On that point the Noble Lord is no more of an expert than I am. The argument he has used that by making your Navy sufficiently big you will so frighten or cow foreign Powers that they will no longer compete with us shows that the Noble Lord is no expert in. human nature, and that is the only kind of expert that is of any importance in this Debate. Whatever be the opinions of naval experts on this question we have to settle it on our own judgment. The Noble Lord seems to think that by predicting things will not go right on our line, and asserting that they will only go right on his line, he has met the case. That argument does not weigh with us at all. It is not on the quarter deck that you learn the way in which free men think and in. which the minds of free nations work. I say with just as much confidence that the Declaration of London is a step in advance, and at no point is it retrograde. It is true that it does not secure much. The Noble Lord opposite argues that because we did not get all we want the Declaration is a failure, and that is the position taken up by the right hon. Gentleman the Member for Dover. Can the right hon. Gentleman opposite tell me of any treaty in which any country ever got all that it wanted? It is true we have not got all we wanted in regard to making merchantmen transformable to warships only in port. I never expected we should obtain that concession. We have a good many ports, and it was a simple matter for us to do this and difficult for other people, and, therefore, it was too much for us to expect. The real question is, has the Declaration of London given us something that we had not before? Has it won a few more steps of firm ground for the nation out of the chaos 647 of conflict of claims that existed before? It has done so, and that is its justification.
§ Mr. BAIRD
The hon. and learned Member who has just sat down has stated that although the Declaration of London does not give us all we wanted it is a step in advance. May I remind the House that there has been a former Declaration of London, but it does not occupy a fortunate place amongst Declarations. The previous Declaration was signed in 1871, and it was to this effect:—The plenipotentiaries of all the great Powers in conference, recognise that it is an essential principle of the law of nations that no Power can liberate itself from the engagements of a treaty, nor modify the stipulations contained in it unless with the consent of the consenting Powers by means of an amicable arrangement.That Declaration of London was not worth the paper it was written on, because the Powers that signed it seven years later signed the Treaty of Berlin, and that was torn up only a couple of years ago. For that reason hon. Members opposite are apt to exaggerate the misfortune which might occur supposing this Declaration were not ratified. I quite agree that it would be very uncomfortable, after having invited the representatives of the various Powers to London, and after having agreed that on certain aspects of international law which were formerly in disagreement, if eventually Great Britain says she cannot see her way to ratify that treaty. What is the object of ratification if it is not to afford the people an opportunity for saying whether or not they really want the treaty negotiated in their name? When you put on one side the inconvenience of refusing to ratify a treaty, and on the other side the inconvenience of ratifying a treaty inimical to our interests, I do not think there is room for a moment's hesitation. We have not to consider whether it is a step in advance or whether it is a retrograde step, but whether the principles embodied suit us as a nation and suit the Empire. We have to consider whether we shall be better off and stronger after this Declaration has been ratified than we were before.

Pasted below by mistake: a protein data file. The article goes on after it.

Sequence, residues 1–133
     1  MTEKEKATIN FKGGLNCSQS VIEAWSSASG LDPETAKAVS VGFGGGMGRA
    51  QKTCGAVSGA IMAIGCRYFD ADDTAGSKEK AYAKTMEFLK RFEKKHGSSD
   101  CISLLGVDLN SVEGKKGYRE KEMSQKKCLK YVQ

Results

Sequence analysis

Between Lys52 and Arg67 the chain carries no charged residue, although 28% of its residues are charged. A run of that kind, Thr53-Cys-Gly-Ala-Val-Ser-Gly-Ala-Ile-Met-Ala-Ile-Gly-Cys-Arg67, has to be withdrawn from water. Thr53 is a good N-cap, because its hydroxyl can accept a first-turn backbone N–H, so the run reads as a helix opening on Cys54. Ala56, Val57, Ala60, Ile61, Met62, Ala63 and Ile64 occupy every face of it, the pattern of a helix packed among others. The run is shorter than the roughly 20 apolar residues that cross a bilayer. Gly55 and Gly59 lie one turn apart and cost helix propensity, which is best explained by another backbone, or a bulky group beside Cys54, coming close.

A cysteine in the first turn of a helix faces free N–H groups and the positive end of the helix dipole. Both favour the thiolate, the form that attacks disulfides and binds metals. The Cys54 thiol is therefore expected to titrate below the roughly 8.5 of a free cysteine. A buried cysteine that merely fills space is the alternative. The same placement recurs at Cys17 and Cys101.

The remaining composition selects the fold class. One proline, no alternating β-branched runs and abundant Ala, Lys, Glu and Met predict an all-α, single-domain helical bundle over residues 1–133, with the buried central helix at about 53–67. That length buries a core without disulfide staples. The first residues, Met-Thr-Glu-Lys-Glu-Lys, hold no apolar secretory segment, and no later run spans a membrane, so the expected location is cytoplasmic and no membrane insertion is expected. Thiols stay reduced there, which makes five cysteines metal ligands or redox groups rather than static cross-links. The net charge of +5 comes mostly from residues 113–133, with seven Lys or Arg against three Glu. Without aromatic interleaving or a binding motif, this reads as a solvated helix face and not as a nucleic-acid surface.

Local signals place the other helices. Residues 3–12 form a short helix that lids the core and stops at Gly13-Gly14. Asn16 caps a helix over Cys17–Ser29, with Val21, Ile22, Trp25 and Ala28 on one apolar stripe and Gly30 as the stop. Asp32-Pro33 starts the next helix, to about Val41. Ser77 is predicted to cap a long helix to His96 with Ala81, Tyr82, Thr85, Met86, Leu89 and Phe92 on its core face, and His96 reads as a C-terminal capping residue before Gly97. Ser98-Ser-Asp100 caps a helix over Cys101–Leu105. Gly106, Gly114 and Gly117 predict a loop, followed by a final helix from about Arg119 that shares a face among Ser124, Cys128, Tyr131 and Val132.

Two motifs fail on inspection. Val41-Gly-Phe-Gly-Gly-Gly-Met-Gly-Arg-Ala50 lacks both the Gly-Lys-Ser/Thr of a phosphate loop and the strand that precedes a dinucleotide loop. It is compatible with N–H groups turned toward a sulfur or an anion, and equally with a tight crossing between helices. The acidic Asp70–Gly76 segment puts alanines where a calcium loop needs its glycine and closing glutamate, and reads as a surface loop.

I think we are too much concerned about looking after the business of other people. We have interests of our own to look after, and as regards this particular treaty, dealing as it does with the rights of belligerents and neutrals in maritime war, surely we are the people who ought to be first of all considered, because in that connection what is for us a matter of vital 648 importance is for them a matter quite secondary as compared with ourselves. What we have to consider is how we stand under this treaty. I have heard the speech of the hon. Member for North St. Pancras (Mr. Dickinson), and he was under the impression that this treaty-leaves things either very much as they were before or else we gain. I do not think that in all the speeches in which hon. Members have endeavoured to advance that theory they have succeeded in making it good. It is perfectly easy to make an assertion of that kind, and I should be the very first to support the Government in an instrument which had been negotiated with foreign Powers if I did not think a great deal of weight must be given to the objections which have been raised against this instrument by those who are best qualified to judge. I think those best qualified to judge in this matter are the ship owners, the naval men, the insurance people, and those whose daily life brings them into daily contact with the problems dealt with by this Declaration.